A Judge this month called for a change to the rules the Child Maintenance Service (previously the Child Support Agency) apply to determine how much maintenance a non-resident parent should pay.
Under the current framework, introduced back in 2012, payments are based solely on actual income.
This means that those who have significant property or investments are likely to be asked for relatively meagre sums if their income is low.
Over the past five years this arrangement has prompted concerns that some parents are organising their affairs to take advantage of the way that contributions are calculated.
Now Mr Justice Mostyn has suggested that Judges should order lump sum payments to help those who have lost out.
He was prompted to speak out after handling a case in which a woman was receiving just £7 a week to support her teenage son, in spite of the fact that her former husband was a multi-millionaire who owned property in excess of £5million.
Commenting on the issues arising from the case, he criticised the current policy and indicated that family courts were likely to intervene to address the perceived injustice.
Mr Justice Mostyn said: “If the ground is not reinstated then I foresee more cases seeking singular awards of capital, such as the one which I have determined, coming before the family court. And the family court taking an ever more expansive view of what does constitute singular expenditure.”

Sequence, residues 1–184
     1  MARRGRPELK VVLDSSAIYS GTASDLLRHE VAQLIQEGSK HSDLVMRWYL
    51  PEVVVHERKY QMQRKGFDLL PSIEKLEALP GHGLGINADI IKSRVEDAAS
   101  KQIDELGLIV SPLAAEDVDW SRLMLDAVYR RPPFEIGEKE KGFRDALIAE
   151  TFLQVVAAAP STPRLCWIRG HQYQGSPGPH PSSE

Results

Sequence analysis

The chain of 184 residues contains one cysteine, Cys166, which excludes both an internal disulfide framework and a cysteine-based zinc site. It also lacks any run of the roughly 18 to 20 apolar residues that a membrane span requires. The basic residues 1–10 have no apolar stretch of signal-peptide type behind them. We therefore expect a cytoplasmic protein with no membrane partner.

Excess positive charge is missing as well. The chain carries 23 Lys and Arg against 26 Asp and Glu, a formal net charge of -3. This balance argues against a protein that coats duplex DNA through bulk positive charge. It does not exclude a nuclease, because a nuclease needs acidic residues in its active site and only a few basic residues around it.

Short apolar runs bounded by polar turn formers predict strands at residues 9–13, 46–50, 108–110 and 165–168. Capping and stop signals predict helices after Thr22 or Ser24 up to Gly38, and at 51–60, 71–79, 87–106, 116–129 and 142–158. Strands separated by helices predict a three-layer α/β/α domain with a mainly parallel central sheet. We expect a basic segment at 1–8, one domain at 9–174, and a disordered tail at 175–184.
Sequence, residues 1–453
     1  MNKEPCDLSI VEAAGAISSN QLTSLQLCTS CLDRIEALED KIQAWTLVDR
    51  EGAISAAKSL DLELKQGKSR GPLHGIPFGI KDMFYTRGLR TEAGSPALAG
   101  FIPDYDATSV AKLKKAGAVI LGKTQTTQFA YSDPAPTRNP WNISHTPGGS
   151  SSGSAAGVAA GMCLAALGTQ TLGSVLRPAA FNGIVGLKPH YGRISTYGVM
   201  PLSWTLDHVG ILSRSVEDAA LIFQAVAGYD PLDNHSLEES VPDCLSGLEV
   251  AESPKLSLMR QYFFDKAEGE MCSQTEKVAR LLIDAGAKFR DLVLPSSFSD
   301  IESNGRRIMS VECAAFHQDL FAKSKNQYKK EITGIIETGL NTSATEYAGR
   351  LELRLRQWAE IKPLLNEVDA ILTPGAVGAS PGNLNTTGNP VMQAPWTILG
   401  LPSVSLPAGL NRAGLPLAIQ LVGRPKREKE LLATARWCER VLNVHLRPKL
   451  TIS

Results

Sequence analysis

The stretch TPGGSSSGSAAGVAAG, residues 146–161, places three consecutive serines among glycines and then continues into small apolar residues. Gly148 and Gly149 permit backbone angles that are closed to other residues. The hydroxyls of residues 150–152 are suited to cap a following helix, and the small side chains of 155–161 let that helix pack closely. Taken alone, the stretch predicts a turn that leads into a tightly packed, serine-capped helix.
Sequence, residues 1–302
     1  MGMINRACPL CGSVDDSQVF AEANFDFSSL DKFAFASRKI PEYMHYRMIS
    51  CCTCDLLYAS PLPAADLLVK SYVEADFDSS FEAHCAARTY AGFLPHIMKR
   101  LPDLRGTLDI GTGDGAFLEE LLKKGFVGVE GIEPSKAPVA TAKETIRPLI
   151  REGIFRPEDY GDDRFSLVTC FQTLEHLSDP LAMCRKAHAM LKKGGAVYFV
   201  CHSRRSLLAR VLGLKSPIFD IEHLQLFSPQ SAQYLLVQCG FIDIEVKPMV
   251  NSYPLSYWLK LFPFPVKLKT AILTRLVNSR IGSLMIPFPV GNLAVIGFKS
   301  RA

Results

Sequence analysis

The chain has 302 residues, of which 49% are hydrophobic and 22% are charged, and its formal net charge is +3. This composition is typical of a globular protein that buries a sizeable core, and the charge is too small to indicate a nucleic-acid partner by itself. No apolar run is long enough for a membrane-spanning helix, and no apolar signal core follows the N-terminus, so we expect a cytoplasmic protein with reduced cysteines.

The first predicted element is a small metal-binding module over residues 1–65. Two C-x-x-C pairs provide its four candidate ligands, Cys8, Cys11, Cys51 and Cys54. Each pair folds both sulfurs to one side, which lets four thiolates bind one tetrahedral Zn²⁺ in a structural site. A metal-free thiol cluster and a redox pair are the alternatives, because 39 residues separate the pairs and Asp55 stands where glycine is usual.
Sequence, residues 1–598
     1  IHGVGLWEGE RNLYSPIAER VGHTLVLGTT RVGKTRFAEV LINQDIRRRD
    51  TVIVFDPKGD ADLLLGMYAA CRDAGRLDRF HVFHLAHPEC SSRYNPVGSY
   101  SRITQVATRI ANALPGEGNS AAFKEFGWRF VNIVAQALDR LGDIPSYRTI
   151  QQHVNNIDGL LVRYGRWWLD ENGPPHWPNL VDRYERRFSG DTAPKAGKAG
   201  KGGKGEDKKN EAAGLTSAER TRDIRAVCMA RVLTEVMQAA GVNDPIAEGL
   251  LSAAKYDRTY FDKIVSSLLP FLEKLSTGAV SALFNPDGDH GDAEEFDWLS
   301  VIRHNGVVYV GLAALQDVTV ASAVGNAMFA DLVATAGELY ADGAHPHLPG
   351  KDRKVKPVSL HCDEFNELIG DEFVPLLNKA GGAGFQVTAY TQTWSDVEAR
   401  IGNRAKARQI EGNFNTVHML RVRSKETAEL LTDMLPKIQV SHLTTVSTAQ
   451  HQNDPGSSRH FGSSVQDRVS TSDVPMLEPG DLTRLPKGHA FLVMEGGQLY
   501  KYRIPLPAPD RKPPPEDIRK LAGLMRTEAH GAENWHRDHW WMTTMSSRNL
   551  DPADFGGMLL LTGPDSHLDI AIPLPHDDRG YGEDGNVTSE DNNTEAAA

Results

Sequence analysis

A Department for Work and Pensions spokeswoman sought to defend the current system.
“In most cases, the simplest and fairest way to calculate a child maintenance payment is to look at the non-resident parent’s income,” she said.
“We can take into account a broad range of unearned income and other assets which generate funds, at the request of a parent.”
Peter Martin, OGR Stock Denton’s head of family law, said: “The old CSA rules allowed the CSA to take account of lifestyle and capital – even where capital was not an apparent income producing asset. It was rarely properly applied.
“The Courts need to be given jurisdiction to make appropriate orders where a non-resident parent has huge capital but little income. This should include a maintenance order rather than just lump sum orders.
“An experienced Family Judge is much better at weeding out the evaders with capital assets from those genuinely having non-income producing non-realisable capital and no income.”